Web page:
While I’m not saying that what Jackson is going through is anything more than a cold, you might want to read up on reflux in infants and see if he might be experiencing it. The most common symptoms include:

- pain, irritability, constant or sudden crying, “colic”
- frequent spitting-up or vomiting
- vomiting or spitting-up more than one hour after eating
- refusing food/pulling away at the breast and crying during nursing
- poor sleep habits, frequent waking
- “wet burp” or “wet hiccup” sounds

The less common symptoms of pediatric GER include:

- constant eating and drinking (to soothe a sore throat)
- poor weight gain; weight loss
- swallowing problems, gagging, choking
- frequent red, sore throat
- respiratory problems; pneumonia, bronchitis, wheezing, asthma, nighttime cough, apnea, aspiration, noisy or labored breathing
- ear infections
- constantly running nose; sinus infections
- excessive salvation, drooling
- peculiar neck arching, Sandifer’s Syndrome

I hope it’s just a cold! Hang in there – you know how to reach me if you need to talk and/or vent!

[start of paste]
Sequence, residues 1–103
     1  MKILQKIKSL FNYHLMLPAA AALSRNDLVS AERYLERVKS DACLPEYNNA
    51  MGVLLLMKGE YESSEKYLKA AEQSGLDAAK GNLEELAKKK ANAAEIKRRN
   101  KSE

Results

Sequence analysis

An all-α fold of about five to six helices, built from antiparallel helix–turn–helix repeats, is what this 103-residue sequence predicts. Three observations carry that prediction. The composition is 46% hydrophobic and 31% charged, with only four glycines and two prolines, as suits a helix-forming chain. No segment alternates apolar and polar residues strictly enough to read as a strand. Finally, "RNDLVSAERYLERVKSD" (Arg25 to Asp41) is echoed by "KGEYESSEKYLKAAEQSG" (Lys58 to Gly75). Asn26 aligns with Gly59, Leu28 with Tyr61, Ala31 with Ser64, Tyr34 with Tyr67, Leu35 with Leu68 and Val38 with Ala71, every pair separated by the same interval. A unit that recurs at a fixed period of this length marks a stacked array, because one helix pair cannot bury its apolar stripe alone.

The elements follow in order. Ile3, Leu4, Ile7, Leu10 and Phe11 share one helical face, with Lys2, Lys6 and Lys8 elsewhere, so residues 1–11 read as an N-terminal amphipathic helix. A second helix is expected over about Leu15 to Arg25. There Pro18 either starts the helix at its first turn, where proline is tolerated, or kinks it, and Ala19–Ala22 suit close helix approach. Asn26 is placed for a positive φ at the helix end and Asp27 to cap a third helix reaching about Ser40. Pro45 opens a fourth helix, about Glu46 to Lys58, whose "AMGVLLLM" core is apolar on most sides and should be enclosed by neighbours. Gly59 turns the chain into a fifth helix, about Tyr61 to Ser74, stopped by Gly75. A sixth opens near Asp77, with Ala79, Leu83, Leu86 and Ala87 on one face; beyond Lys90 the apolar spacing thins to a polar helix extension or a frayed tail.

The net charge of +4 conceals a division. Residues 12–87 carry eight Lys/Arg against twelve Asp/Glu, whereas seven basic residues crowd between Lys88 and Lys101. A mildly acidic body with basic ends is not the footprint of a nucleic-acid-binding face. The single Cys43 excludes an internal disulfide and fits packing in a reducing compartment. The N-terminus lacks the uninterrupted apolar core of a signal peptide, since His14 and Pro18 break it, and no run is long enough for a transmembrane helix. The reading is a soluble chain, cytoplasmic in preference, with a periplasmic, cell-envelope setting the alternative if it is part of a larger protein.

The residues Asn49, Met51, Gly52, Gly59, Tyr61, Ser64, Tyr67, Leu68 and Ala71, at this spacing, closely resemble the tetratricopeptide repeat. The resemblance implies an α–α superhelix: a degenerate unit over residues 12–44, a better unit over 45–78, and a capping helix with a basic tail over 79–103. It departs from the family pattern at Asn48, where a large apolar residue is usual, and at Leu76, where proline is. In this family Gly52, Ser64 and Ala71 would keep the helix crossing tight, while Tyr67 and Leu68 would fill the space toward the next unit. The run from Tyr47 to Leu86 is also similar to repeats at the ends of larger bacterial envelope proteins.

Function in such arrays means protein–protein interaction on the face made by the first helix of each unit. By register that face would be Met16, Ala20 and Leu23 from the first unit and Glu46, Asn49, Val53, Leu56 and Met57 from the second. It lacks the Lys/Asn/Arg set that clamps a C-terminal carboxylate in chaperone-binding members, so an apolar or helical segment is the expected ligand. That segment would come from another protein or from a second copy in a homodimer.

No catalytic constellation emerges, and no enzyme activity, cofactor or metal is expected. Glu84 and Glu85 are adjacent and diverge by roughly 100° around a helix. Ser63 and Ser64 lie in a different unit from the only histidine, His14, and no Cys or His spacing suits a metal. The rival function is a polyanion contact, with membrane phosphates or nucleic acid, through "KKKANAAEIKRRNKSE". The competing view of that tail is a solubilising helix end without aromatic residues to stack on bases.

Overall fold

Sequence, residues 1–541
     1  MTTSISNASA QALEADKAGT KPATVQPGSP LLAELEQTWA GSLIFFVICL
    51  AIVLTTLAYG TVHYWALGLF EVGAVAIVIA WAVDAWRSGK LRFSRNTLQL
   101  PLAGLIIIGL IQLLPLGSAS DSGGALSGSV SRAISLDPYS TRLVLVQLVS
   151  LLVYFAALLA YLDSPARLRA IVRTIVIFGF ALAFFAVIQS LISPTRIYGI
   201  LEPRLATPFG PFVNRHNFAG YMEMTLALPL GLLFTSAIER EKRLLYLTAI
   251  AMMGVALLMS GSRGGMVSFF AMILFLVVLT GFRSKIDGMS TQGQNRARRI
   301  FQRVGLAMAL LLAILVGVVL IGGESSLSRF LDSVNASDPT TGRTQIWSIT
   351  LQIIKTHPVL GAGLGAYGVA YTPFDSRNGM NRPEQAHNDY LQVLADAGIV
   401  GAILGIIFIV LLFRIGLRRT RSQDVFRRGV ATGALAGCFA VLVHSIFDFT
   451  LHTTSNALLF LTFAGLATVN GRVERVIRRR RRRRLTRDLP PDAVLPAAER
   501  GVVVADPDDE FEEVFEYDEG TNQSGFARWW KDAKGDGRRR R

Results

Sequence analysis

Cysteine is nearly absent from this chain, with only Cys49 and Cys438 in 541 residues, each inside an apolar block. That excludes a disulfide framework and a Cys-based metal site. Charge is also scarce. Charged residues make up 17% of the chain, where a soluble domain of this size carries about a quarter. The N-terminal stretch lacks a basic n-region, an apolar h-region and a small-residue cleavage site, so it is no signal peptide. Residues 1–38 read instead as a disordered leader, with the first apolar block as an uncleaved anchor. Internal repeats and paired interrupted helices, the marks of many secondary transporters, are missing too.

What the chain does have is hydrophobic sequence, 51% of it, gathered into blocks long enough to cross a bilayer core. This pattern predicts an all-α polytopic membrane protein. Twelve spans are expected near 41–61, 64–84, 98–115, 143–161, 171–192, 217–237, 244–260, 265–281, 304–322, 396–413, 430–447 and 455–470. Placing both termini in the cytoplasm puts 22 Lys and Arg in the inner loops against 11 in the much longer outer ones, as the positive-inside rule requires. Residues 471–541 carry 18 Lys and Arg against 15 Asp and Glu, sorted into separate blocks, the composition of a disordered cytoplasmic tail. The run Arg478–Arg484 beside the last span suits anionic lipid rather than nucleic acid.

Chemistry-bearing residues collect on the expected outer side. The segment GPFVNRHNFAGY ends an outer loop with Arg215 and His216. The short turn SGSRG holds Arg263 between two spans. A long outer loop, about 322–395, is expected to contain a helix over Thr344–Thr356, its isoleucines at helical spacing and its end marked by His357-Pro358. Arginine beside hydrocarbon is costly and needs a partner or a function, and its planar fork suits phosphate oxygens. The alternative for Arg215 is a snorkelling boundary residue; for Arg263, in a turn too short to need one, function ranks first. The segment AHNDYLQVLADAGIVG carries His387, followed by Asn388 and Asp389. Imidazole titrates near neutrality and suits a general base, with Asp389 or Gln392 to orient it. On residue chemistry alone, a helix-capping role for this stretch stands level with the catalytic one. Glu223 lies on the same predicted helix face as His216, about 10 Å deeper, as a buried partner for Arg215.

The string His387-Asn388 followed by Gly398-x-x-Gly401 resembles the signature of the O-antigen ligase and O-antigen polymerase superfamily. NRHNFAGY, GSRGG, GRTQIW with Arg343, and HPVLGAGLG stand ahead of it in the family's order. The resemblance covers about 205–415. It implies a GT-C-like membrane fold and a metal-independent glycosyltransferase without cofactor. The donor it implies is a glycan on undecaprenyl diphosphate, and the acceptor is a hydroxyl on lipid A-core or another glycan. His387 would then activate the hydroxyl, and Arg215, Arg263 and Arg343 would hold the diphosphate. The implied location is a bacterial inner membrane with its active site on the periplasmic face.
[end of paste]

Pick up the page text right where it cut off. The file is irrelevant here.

BriarRose BriarRose November 2, 2011, 11:12 am

Seriously, WHY do people stare when someone has a fussy infant/baby (and is tending to said baby)? As if staring will make the baby magically stop crying? I’ll never understand. I think you can always tell the fellow mothers when a baby starts crying….they’re usually the only ones politely going about their business as if nothing is happening.

He’s a cutie. Don’t be too hard on yourself, and enjoy every moment.

avatar 6napkinburger November 2, 2011, 11:27 am

To be fair, I think it depends on the setting, the age of the kid and the appropriateness of the baby being present/not being taken out when it starts to scream. I was in a religious service at a place with free babysitting for all age groups, and a one year old wailed for 25 minutes of the SERMON while both parents (there were two of them) just bounced the baby and acted like nothing was wrong. It was like dueling banjos between the kid and the speaker and the kid defintely won. Not cool parents, not cool.